Ernest Brooks and his wife, Caroline
A short tribute to Ernest Brooks
from his grandson
In many ways he was an ordinary man, but he typified the Farnworthian. A tough exterior, hardened by a working lifetime at the coal face, his cheeks and nose `tattooed' with the coal-dust blued scars that singled out every collier. His scalp, too, was marked as, by his early twenties, he had lost most of his hair.
Yet he was a man with a soft centre who cried like a baby when his pet bull terrier dog died, or he lost a mate underground.
Ernest Brooks was my grandfather, my hero. He could neither read nor write but could count well enough to make sure his a change was correct when he bought a packet of Wills Woodbines. He could sign his name and could fill in the football pools or back a horse. To the best of my knowledge he didn't drink apart from an occasional glass of stout at Christmas or New Year.
He loved his radio and would sing his heart out both before and after work. Occasionally my grandmother, Caroline, would say: "Ernie, for God's sake shurrup and give't flamin' wireless a chance.''
I remember cold winter mornings in our terraced home at 33 Campbell Street, Farnworth. By 6am my granddad, now retired and widowed, would wend his way through the snow from 41 Phethean Street and have a roaring fire going in the kitchen by the time I reluctantly flopped out of bed. Two things he excelled at were coal fires and making toast over the flames from cobs of nutty slack.
Warmed by the fire and my granddad's love I would trudge across the Harper Green `playing fields' to Plodder Lane School, taking either the `big path' or the shorter but scary `little path' that ran alongside the council allotments that lay behind a huge privet hedge. Often when I got to school my wellies were sopping wet from an invasion of snow.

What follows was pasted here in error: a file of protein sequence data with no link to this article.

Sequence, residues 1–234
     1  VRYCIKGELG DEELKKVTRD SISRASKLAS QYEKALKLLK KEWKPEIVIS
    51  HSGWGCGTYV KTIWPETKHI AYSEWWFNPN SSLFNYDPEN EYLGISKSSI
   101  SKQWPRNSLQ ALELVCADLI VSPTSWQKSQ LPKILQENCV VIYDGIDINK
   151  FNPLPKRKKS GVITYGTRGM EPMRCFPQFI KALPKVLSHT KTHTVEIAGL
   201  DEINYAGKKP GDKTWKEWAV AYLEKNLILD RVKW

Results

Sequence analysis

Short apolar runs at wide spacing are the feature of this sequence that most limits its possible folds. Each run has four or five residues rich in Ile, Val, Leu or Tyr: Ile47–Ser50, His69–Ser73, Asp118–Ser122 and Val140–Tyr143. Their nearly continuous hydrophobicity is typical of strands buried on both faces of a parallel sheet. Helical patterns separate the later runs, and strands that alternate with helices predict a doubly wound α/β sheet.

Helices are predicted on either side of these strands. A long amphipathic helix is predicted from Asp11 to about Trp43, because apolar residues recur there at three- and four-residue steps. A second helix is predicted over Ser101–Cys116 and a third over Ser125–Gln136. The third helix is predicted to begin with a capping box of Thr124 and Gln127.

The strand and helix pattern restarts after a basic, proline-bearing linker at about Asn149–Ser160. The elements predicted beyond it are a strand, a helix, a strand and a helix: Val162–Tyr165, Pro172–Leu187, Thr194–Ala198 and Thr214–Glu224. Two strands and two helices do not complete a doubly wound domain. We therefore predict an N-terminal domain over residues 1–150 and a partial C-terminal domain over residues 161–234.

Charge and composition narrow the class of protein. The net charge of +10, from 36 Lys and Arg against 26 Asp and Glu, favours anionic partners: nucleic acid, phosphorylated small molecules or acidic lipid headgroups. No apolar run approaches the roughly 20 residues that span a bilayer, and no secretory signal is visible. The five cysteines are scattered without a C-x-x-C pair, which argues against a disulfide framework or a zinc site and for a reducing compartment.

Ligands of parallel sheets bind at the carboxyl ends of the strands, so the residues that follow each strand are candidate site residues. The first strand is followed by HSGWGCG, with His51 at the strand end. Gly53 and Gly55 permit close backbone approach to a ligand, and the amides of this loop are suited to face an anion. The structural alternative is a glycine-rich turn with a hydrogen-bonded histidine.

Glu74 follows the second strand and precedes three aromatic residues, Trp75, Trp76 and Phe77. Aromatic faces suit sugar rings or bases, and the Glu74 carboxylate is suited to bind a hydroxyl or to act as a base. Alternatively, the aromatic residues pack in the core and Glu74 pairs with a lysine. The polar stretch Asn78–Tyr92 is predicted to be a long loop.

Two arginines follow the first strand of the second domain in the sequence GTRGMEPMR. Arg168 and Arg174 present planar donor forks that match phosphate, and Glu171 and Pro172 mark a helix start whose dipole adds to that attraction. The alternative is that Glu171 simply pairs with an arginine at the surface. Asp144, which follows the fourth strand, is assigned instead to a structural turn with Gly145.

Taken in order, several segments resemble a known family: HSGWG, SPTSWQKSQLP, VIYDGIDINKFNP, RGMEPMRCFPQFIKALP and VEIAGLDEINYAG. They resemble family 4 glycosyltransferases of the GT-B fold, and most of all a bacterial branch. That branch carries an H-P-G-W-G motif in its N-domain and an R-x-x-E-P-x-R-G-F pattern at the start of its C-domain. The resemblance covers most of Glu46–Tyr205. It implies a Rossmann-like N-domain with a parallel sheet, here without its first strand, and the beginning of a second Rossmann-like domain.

My granddad couldn't read music, yet loved it, and had an uncanny sense of rhythm. Somewhere in his youth he learned to play the bones or rick-racks and at many a family gathering he would accompany his daughter Florrie, my mother, as she belted out the old favourites on our upright piano. Those bones made an unforgettable sound.
There was one occasion that was equally unforgettable, too. Granddad Brooks performed on stage one night at Francis Street Congregational Church hall. It was a variety show and was packed. Apart from `getting dressed up to have his picture taken' it was only time I had ever seen him wear a collar and tie. Granddad was loving his five minutes of glory and the audience was loving his animated enthusiasm. Unfortunately his hands became sweaty and one of the rick-racks flew from his grip and hit a lady in the front row on the head with a resounding `bonk'.
"Eee, sorry, Love,'' he said. ``Ar't all reight? Can I 'ave it back?'' It brought the house down.
Granddad Brooks died at our Campbell Street home in 1955. He was 71, which for a miner was a reasonable life span, but I bitterly regret not knowing him even better.
I still have those ebony rick-racks - as black as the coal he used to gouge from the earth - and a little set of white bones, probably made from animal ribs, that he bought me when I was about eight. Sometimes, even now in my sixties, when there's no one listening I get them out and have a clumsy little clatter and remember my granddad, my hero ... and shed a little tear as I am doing now.